As a practical matter, and for students starting out, I’m pretty sympathetic to adopting the shut-up-and-calculate interpretation, at least most of the time. It builds up many handy skills, as well as intuition about how quantum mechanics work. That’s extremely useful background when investigating interpretational issues.

Why does the meaning of the quantum state matter? Sure, maybe people would feel better if they had a way of interpreting the quantum state beyond it being a calculational device. But maybe that’s just an irrelevant human prejudice. Nature doesn’t need to conform to our prejudices! But I think there’s a genuine problem here, beyond our prejudices about what our theories should look like. Quantum mechanics isn’t a final theory. We don’t have a convincing understanding of the measurement process in quantum mechanics. Nor do we have a convinving quantum theory of gravity. And maybe those problems are connected to having a better understanding what the quantum state means. In which case having a better understanding of the quantum state may help in solving those other problems.

I attributed the term “shut-up-and-calculate” to David Mermin. Mermin is one of the deepest thinkers about interpretational issues, and he certainly didn’t intend the term as a compliment! But despite that, I’m somewhat sympathetic to shut-up-and-calculate not just as a practical strategy, but also as a strategy for (eventually) better understanding quantum states.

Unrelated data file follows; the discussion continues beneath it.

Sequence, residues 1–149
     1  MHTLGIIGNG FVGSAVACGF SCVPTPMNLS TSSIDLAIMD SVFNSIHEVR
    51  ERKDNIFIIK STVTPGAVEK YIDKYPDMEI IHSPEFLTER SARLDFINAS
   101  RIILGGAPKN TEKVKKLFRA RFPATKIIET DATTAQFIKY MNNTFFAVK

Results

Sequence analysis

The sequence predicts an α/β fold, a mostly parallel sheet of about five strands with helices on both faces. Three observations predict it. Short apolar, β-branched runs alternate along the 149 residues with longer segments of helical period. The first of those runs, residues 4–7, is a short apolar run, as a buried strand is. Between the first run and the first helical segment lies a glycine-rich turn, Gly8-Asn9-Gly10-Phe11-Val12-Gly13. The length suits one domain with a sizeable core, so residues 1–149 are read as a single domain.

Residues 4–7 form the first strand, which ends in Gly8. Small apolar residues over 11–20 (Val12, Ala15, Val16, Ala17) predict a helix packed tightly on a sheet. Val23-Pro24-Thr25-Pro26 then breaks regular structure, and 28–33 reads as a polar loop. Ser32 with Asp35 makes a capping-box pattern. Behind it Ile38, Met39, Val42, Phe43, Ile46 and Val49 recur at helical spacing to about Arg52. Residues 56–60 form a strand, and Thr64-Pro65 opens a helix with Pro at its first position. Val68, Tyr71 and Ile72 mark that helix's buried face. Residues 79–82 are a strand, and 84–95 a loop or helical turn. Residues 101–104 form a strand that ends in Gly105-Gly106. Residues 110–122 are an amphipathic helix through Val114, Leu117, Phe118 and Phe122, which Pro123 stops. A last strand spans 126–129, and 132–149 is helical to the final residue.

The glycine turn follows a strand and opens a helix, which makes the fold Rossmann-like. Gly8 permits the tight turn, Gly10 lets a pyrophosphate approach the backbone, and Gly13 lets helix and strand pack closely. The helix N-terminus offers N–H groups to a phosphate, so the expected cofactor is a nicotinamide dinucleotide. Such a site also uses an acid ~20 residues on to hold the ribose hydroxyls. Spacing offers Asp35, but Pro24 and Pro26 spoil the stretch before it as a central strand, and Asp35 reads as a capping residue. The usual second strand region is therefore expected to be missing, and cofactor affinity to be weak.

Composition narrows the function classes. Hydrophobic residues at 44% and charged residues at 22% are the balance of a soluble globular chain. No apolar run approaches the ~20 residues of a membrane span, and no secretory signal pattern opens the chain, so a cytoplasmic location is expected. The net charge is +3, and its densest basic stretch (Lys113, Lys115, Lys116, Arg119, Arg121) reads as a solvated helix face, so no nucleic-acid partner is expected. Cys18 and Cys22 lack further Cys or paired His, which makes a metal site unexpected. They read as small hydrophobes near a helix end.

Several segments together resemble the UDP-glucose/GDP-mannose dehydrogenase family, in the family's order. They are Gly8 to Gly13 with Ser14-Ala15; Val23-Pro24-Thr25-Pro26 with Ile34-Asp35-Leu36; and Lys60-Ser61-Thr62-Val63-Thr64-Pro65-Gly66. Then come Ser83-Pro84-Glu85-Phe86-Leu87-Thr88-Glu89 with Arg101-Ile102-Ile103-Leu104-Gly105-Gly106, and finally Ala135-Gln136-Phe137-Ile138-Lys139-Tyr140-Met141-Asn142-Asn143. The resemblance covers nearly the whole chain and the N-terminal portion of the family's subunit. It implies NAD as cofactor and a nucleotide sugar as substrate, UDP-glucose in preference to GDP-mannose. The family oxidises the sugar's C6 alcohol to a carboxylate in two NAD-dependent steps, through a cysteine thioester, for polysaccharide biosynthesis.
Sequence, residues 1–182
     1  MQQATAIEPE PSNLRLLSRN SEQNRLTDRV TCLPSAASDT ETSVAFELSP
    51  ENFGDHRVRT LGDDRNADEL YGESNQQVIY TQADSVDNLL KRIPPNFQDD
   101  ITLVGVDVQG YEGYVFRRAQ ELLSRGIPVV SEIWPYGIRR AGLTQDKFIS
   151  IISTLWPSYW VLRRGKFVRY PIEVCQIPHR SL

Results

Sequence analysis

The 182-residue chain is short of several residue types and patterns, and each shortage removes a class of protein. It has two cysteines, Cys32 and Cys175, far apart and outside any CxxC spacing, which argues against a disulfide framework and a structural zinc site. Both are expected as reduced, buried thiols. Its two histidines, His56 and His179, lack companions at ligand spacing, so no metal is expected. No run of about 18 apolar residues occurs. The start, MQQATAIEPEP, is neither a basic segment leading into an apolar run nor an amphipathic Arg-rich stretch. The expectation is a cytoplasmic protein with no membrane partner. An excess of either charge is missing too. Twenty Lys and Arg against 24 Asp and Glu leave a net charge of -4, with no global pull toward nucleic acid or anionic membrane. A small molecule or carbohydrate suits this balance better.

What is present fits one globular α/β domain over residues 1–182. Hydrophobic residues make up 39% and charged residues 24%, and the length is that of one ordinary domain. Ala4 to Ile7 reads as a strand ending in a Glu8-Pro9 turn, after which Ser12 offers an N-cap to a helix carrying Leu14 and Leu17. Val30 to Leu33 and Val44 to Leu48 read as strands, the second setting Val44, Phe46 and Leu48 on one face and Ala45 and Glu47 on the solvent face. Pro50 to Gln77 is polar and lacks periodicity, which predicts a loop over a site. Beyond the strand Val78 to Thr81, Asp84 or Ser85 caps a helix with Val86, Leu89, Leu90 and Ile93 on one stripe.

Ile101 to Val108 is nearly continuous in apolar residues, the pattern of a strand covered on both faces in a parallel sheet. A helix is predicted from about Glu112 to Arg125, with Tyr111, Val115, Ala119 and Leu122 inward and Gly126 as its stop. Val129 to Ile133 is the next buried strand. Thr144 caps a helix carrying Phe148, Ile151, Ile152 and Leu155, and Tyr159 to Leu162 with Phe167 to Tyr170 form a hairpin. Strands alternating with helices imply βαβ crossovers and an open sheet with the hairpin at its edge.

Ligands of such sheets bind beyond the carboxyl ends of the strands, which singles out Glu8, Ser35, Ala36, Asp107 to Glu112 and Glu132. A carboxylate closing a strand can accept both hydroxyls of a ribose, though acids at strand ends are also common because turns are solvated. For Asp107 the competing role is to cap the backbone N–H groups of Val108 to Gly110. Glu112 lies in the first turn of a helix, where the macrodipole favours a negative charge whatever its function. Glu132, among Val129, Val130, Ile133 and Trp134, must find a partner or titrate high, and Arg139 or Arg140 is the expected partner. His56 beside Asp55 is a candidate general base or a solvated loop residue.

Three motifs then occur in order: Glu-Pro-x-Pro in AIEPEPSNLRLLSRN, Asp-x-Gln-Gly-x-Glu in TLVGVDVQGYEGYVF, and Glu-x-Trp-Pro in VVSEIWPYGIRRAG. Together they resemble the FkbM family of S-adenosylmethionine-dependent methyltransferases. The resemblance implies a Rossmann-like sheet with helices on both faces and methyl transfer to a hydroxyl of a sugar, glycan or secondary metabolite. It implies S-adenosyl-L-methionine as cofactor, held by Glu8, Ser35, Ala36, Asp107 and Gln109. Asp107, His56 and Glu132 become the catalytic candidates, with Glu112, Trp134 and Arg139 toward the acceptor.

In particular, the situation reminds me of the study of human consciousness. Many scientists and philsophers spend a great deal of time pondering consciousness, writing about the “hard problem of consciousness” and so on. In the meantime, there’s an army of scientists doing very plain nuts-and-bolts experiments, trying to understand all the myriad details of action potentials, neural circuits, and so on. I suspect the latter group will ultimately make far more contribution to our understanding of consciousness than the former. Sometimes, when you solve enough tiny problems the big problems just melt away. And I wonder if the same will be true of the meaning of the quantum state, that we’ll understand it by gradually building up our detailed knowledge of quantum mechanics, and eventually understand things like the interpretation of the quantum state almost en passant. If that’s the case, then the current lack of a universally-agreed upon interpretation is a nuisance, and regrettable, but no more.